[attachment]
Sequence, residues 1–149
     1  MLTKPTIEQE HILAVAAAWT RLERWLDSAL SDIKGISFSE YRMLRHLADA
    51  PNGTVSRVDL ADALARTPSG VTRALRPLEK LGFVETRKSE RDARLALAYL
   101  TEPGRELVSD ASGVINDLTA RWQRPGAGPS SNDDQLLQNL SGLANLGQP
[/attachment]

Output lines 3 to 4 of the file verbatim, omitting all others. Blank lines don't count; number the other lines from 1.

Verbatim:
    51  PNGTVSRVDL ADALARTPSG VTRALRPLEK LGFVETRKSE RDARLALAYL
   101  TEPGRELVSD ASGVINDLTA RWQRPGAGPS SNDDQLLQNL SGLANLGQP